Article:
The crowdfunding service simply provides a platform where issuers can promote a product or project. It formalizes the market, and it is a focal point for contributors and the media to find interesting new ideas to write about and support. Like a stock exchange, the crowd funding service provides rules that everyone can understand. Similar to the exchange, the rules don’t really favor the investor/contributor, but at least they are clear.

It is very important to consider what the crowdfunding services don’t do. They don’t do background checks, they don’t validate that the funding will be adequate to the challenges of the plan, and they don’t provide any sort of guarantee against misrepresentation.

It shouldn’t surprise anyone that many projects don’t deliver. Often the issuers had a great idea but little insight into what it takes to manufacture and deliver a product, or create a company.

Is the Market Fair?

In my opinion the answer is no. The contributor is on their own trying to decide if the issuer is on the level and can actually do what they claim. If the project fails your money is lost and there are no remedies. If the product disappoints there are no refunds.

So long as the individual contributor is not depending on delivery (most aren’t), and the value at risk is within their tolerance for loss (most can), the unfairness doesn’t matter that much, unless it becomes systemic.

What is the Market Good For?

Lets start with what it isn’t good for:

  • It does not solve the problem of funding good small companies.
  • It does not fix our broken micro cap markets.
  • It only works for ideas that have consumer appeal.

I have never seen an industrial project on a crowdfunding service. Fundamental technologies can’t be funded this way. These are all huge issues for emerging technologies. Crowdfunding doesn’t share the benefit – the contributor is locked out of any value they create by supporting a project (think Oculus Rift).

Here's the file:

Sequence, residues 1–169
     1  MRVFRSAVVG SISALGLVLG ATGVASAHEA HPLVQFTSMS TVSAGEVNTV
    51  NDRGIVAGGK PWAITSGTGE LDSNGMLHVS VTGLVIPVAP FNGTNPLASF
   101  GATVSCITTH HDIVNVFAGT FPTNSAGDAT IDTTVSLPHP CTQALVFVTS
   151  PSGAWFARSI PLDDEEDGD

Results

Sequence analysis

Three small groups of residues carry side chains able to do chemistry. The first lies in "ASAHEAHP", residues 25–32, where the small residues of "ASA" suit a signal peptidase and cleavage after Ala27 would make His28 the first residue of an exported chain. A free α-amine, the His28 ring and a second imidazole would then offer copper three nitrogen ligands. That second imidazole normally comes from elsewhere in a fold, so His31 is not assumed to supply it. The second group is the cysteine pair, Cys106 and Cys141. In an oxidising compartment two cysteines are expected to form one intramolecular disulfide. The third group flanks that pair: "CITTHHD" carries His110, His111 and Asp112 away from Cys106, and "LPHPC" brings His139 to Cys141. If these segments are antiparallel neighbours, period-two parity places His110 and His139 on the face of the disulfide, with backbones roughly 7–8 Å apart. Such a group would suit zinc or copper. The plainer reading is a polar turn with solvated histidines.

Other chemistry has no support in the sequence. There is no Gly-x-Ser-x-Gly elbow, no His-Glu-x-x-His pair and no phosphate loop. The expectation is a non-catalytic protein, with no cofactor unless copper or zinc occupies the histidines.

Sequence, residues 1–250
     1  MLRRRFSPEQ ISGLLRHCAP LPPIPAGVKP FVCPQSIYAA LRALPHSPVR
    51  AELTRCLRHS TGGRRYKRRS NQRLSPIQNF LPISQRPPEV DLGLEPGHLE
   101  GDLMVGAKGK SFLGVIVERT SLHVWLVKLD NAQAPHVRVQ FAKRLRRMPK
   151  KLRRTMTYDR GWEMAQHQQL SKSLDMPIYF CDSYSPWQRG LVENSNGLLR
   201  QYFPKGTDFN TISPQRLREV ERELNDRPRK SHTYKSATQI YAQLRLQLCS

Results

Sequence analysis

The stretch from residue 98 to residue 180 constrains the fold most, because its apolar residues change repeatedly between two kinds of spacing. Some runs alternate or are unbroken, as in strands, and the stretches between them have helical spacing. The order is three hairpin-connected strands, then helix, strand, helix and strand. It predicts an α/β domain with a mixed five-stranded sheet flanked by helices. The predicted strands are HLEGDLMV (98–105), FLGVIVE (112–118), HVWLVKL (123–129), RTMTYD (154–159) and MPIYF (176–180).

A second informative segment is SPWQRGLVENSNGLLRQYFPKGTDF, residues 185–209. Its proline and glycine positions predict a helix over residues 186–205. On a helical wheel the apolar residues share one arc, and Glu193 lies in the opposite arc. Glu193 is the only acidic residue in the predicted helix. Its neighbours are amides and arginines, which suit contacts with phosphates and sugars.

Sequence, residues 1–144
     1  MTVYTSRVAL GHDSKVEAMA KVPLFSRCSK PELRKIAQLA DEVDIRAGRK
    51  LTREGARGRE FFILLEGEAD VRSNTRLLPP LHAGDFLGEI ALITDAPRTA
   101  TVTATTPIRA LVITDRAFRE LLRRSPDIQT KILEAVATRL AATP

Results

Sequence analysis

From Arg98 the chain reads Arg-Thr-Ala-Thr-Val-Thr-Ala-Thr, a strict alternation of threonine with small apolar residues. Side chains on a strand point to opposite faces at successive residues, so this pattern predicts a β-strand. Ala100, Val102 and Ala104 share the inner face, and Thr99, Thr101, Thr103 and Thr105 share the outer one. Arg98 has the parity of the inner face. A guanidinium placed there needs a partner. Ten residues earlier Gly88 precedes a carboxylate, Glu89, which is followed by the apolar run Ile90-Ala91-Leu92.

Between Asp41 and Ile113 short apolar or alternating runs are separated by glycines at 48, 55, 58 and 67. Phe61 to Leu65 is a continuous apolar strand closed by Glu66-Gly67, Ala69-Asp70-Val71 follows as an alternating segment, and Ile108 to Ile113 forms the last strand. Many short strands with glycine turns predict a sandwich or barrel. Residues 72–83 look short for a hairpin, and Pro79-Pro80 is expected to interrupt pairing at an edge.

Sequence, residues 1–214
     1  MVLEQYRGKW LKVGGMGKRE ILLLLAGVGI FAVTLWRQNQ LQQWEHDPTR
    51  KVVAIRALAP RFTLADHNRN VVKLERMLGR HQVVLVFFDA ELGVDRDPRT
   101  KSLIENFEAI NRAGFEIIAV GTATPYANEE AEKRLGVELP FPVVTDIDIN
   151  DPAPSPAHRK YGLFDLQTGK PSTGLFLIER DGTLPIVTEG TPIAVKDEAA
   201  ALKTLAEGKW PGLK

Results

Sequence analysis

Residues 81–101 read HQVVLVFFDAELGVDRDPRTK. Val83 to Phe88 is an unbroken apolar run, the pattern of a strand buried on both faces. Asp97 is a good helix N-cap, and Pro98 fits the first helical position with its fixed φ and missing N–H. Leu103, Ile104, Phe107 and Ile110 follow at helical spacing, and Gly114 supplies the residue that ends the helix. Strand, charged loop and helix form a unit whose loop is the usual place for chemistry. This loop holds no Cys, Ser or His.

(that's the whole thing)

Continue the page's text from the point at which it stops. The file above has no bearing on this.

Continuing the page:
For issuers it works well for simple consumer products, or social/artistic projects that have a strong emotional appeal. An excellent example is the Karen Klein project to raise $5,000 to give a beleaguered school bus monitor a vacation – it raised $703,168. The Veronica Mars project raised $5.7 million from its fans against a target of $2 million. Many worthwhile projects to support museums or artistic companies have failed.

For contributors it works well for projects without ambitious engineering or production requirements. Some successes have left a bitter taste – either non-or late delivery, or in the case of Oculus Rift, a $2 billion sale of the company that leaves the contributors who supported it feeling cheated. This last point is important – the supporters who get excited and support a project are frozen out of the surge in value they create. That benefit is reserved for those privileged to invest in the company.

Simple Rules for Issuers and Contributors

For issuers, it is your reputation, and on the Internet your failures follow you forever. Avoid projects with complex unsolved engineering or manufacturing problems, including complex software that needs to be written.

For contributors, limit it to what you can lose, and understand that if you ever get a product, it will probably disappoint. At best you are supporting the people behind the idea, often you are buying a prototype. Ask the important question – do you really think they can do it for the money they are raising? And understand the contract.


2014-09-11 14.03.46Author: Paul Hanson

Paul is the Founder & CEO of bbotx. He has developed and marketed software products in different market segments in North America, Europe, Asia, Africa and the Middle East over the past 20 years – doing business and working in 40 countries.